Doyle seeking retention
By Phil Ray
HOLLIDAYSBURG – Blair County Common Pleas Court Judge Elizabeth Doyle said Wednesday she will ask Blair County voters next fall to retain her for a second 10-year term.
Doyle, who is beginning her 10th year as a county judge, said she has informed the Pennsylvania Department of State that she will be seeking retention.
Nobody from the department was available Wednesday to discuss the retention system.
Doyle said her decision means her name will be placed on the November ballot, and voters will be asked to vote “yes” or “no” to a question asking if she should be retained in office.
She said Wednesday that she had been working hard for the past 10 years on behalf of the people of Blair County, and she said she will continue to do so if she is returned to office.
With Doyle planning to seek retention, that means that Blair County voters will be making decisions on two judicial seats in 2013 – whether to retain Doyle and who to elect as a replacement for retiring Blair County Judge Hiram A. Carpenter.
Carpenter’s last day in office will be Tuesday, at which point he is expected to become a senior judge.
Several candidates are expected to run for Carpenter’s vacant seat, and those announcements are expected in the next couple of weeks.
The candidates seeking that judicial seat will have to go through the normal election process, which includes a primary election and the general election.
Doyle noted that as a sitting judge seeking retention, she will not be running against the candidates seeking Carpenter’s vacant seat.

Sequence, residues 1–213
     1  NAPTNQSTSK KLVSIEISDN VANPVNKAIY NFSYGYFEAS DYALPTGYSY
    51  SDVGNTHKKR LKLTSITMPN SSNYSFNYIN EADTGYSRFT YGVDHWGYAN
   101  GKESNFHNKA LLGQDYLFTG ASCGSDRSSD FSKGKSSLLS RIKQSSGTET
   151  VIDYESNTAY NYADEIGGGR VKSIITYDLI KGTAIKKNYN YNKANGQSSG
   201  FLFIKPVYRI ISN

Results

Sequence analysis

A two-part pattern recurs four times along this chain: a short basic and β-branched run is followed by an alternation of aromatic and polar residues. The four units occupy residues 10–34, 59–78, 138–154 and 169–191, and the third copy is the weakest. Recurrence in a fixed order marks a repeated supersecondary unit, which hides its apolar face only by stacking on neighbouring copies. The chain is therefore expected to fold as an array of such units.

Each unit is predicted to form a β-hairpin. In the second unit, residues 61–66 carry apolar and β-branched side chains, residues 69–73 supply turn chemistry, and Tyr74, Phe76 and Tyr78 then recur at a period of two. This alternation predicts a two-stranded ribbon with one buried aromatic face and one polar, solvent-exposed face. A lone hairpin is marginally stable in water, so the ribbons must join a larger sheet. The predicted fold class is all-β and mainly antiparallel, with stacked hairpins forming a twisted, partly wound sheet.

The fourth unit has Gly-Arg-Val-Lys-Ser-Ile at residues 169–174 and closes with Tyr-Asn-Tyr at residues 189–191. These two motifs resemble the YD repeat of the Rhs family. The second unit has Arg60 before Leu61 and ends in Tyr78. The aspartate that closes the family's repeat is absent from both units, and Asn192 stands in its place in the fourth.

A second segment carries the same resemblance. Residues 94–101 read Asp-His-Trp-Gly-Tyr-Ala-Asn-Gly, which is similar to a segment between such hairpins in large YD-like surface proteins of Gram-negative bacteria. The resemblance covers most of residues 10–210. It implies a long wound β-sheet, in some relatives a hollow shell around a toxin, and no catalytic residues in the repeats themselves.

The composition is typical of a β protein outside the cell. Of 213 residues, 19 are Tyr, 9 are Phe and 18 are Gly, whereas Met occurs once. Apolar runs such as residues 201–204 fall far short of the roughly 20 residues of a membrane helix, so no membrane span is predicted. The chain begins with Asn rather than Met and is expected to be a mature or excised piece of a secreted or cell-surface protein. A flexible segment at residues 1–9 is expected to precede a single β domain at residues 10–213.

Doyle said that she has many goals she wants to accomplish if retained by the voters, including the development of a Child Advocacy Center for Blair County. The center would provide experts to investigate and treat child abuse victims.
She also supports the formation of a support group for children affected by custody disputes or divorces.
Doyle will continue to explore the development of a Mental Health Court, or more intensive mental health services for individuals who end up in the criminal justice system.
She said she also intends to attend statewide and local training sessions on juvenile justice, security and mental health first aid.
During the last five years, Doyle helped to initiate a juvenile drug court and she wants to continue to oversee the cases of young people addicted to drugs.
The judge said she wants to upgrade the court system to permit electronic filing, electronic monitoring of cases and video conferencing.
The county is planning to open a satellite adult parole and probation office in Altoona, and Doyle said she would monitor that program.
Blair County voters twice have failed to retain judges over the years – Judge R. Bruce Brumbaugh in 1989 and Judge Norman D. Callan in 2001.
Doyle said she doesn’t plan to launch a formal campaign for retention.
In reviewing her years in office, Doyle said in 2005 the state Senate named her to the Interbranch Commission on Gender, Racial and Ethnic Fairness. She has served on the Executive Committee and Nominating Committee for the Pennsylvania Trial Judges Association.
She presided over the Andre Staton homicide case, in which she imposed the death penalty on Staton, convicted of stabbing his ex-girlfriend to death.
She sentenced convicted child rapist David Helsel to essentially a life term behind bars and sentenced Shawn Dugan, who shot a friend to death, to life behind bars for first-degree murder.
Doyle handled the Jesse James Hooper child beating case, as well as the Curtis Walk child sexual abuse case.
She said she presided over 10 major drug trials and said she has been the judge in six major medical malpractice cases.
In mentioning the Juvenile Drug Court, the judge said, “We do not tear down our youth, we use empathy to see through the client’s eyes and to consider their feelings, so they will mirror empathy.”
“We know it is a struggle not to use if you have the habit of using. Habits can be changed,” she stated.